- Long hours of darkness – longer winter nights give more opportunity to potentially view the lights versus short summer nights
- Proximity to the northern geomagnetic pole – San Francisco’s higher geomagnetic latitude means the northern lights oval can expand farther south during solar storms
- Low cloud cover and minimal fog – crystal clear conditions are best as cloud cover acts like a curtain, blocking views of the northern lights
- Sharp Kp-index rise – the Kp-index measures geomagnetic activity, so sharp rises indicate optimal space weather conditions
While displays are rare and viewing the northern lights requires a perfect confluence of ideal conditions, San Francisco’s location combined with vigilant monitoring of space weather forecasts means sightings can sometimes occur during intense solar maximums.
Notable Sightings of the Northern Lights in San Francisco
While not an annual event in the Bay Area, there are a number of recorded instances where eagle-eyed observers were fortunate enough to witness the incredible light show of the aurora borealis dancing overhead in the San Francisco night sky:
- 1858 – The first documented case of the northern lights being visible from San Francisco happened in 1858 during the strong solar maximum of Solar Cycle 10. Reports describe vibrant red and green hues illuminating the skies over the city.
- 1921 – On the night of January 22, 1921 residents reported seeing strong northern lights displays lasting several hours, with some describing it as a glowing red arch crossing overhead.
- 1958 – Widespread northern lights sightings were reported across Northern California in February 1958 during an extremely intense solar storm coinciding with the solar maximum of Solar Cycle 19. Ghostly green lights were visible for several nights as far south as San Francisco and Los Angeles.
- March 1989 – Parts of Northern California were treated to a dazzling light show as an aurora borealis display stretched as far south as San Francisco and Sacramento. Heavens-gazers at Land’s End looked on as shimmering green lights dance across the horizon during this event.
- October 2003 – Frequent northern lights sightings occurred throughout Northern California due to the intense solar maximum of Solar Cycle 23. Ghostly green auroras danced above San Francisco for several evenings in a row.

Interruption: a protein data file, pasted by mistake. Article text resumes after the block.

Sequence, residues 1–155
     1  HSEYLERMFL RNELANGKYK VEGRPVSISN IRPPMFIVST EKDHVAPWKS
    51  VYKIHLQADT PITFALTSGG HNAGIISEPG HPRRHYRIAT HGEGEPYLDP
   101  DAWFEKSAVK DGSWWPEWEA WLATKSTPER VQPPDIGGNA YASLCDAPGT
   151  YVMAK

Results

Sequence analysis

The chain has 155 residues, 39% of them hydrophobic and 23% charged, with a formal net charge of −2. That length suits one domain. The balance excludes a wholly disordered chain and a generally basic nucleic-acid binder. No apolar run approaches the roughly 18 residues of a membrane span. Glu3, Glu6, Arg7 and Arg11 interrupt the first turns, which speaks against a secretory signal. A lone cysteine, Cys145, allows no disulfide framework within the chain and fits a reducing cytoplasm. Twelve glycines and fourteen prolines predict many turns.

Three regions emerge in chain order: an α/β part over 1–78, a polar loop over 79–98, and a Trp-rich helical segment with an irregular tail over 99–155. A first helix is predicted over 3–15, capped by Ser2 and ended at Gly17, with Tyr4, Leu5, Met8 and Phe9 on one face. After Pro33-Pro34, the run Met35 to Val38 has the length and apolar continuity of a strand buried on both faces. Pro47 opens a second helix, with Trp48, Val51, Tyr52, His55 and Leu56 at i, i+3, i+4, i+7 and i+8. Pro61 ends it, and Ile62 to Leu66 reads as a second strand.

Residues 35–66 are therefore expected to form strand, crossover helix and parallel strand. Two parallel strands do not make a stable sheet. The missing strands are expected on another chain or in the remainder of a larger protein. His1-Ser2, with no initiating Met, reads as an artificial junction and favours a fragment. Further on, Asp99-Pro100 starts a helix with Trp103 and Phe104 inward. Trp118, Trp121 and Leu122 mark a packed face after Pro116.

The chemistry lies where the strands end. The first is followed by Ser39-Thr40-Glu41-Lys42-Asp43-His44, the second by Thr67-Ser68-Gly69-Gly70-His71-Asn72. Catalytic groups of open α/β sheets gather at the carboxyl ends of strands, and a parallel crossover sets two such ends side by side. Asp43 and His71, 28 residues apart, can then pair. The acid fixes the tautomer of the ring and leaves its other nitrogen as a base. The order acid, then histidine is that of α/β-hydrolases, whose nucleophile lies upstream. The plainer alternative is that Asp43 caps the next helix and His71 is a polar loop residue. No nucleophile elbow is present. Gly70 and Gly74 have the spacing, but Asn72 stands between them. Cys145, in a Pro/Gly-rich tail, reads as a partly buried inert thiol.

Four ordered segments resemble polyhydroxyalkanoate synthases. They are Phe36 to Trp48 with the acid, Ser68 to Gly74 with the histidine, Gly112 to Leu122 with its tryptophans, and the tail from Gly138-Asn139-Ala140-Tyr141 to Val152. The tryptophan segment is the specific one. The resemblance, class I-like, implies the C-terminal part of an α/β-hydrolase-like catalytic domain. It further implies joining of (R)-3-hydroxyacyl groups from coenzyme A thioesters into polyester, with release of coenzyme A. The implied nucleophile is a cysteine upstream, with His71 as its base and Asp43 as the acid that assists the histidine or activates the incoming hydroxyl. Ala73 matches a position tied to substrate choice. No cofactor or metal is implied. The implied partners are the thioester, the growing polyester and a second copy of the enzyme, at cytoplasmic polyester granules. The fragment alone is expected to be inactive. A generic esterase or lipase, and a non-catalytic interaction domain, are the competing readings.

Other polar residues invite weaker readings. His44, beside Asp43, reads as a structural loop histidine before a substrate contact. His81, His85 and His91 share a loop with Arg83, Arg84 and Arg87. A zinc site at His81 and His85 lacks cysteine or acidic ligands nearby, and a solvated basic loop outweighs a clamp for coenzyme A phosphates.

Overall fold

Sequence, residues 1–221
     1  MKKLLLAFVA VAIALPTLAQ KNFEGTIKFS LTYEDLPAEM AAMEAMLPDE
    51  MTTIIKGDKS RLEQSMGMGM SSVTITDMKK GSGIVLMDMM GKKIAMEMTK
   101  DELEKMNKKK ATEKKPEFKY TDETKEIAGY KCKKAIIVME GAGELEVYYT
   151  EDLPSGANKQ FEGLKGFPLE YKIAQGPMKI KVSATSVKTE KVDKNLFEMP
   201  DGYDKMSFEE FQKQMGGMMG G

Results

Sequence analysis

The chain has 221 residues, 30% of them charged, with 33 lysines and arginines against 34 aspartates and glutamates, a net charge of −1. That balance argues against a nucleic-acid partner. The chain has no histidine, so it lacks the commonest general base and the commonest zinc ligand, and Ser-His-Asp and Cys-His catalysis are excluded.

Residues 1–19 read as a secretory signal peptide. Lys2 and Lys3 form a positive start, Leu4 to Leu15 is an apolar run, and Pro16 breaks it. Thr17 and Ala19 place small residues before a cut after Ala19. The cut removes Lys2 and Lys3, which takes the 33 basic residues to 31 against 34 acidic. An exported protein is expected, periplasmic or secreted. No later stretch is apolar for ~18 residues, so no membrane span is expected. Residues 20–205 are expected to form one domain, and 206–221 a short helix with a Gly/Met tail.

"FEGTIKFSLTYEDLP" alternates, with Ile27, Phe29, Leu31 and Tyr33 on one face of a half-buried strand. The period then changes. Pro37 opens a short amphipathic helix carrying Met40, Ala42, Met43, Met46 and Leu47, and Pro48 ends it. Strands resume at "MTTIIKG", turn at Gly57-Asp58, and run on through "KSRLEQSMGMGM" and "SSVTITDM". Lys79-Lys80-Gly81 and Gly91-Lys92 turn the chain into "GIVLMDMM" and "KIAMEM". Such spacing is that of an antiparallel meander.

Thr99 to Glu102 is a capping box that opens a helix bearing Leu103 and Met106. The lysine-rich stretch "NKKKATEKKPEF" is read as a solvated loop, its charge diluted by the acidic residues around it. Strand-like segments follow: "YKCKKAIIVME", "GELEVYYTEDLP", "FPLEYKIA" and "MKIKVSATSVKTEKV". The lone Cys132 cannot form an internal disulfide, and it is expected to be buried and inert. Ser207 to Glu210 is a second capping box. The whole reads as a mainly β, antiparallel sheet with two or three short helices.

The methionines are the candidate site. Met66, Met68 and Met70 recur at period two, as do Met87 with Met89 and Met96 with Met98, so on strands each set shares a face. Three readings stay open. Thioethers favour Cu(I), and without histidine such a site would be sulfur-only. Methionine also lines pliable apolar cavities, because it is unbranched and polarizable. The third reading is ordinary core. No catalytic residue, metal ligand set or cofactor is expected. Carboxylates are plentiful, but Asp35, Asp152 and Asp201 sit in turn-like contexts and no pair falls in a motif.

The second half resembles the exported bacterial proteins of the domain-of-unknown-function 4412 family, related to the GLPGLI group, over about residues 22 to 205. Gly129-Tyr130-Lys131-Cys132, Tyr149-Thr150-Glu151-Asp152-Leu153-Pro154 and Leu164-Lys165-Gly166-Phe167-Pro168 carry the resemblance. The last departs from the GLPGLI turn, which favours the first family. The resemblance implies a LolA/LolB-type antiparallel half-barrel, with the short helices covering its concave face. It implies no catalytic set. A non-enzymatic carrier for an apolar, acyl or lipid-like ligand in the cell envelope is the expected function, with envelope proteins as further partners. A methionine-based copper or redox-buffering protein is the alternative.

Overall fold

- September 2017 – A giant solar flare created geomagnetic storm conditions, producing a northern lights display visible from San Francisco where observers saw wispy turquoise and red lights above the city.
During years where solar activity is at a high point, the chances increase for Bay Area skywatchers to catch a rare glimpse of the northern lights – though clear skies and optimal viewing conditions are also necessary align. Local northern lights enthusiasts closely monitor space weather forecasts for opportunities to spot the dazzling lights above San Francisco when brilliant auroral displays make their way south.
Best Locations to View the Northern Lights in San Francisco
When the northern lights do make a rare appearance over San Francisco, these are some of the best vantage points to watch the celestial light show:
- Ocean Beach – Stretching along the western edge of the city, Ocean Beach allows viewers to look out across the open Pacific Ocean unobstructed by light pollution. Face north for the best views of the northern lights.
- Land’s End – The north-facing cliffs of Land’s End provide sweeping views of the Golden Gate Strait, Marin Headlands and the Pacific Ocean – ideal for northern lights watching if activity is strong enough to be visible over San Francisco.
- Twin Peaks – The two prominent hills offer some of the highest elevation views in San Francisco. Views from the northern slope face away from the light pollution of downtown.
- Mt Tamalpais – Located north of the city in Marin County, the summit of Mt. Tamalpais provides excellent northern exposure at over 2,500 feet elevation for spotting northern lights over San Francisco.
- Mt. Diablo – This state park to the east of San Francisco has northerly views at over 3,800 feet elevation. Clear skies could provide opportunity to see the northern lights from the mountain summit above the Bay Area.
- Marin Headlands – The open vistas and rolling hills facing San Francisco and the Pacific Ocean provide front row views of the northern skyline ideal for aurora borealis spotting.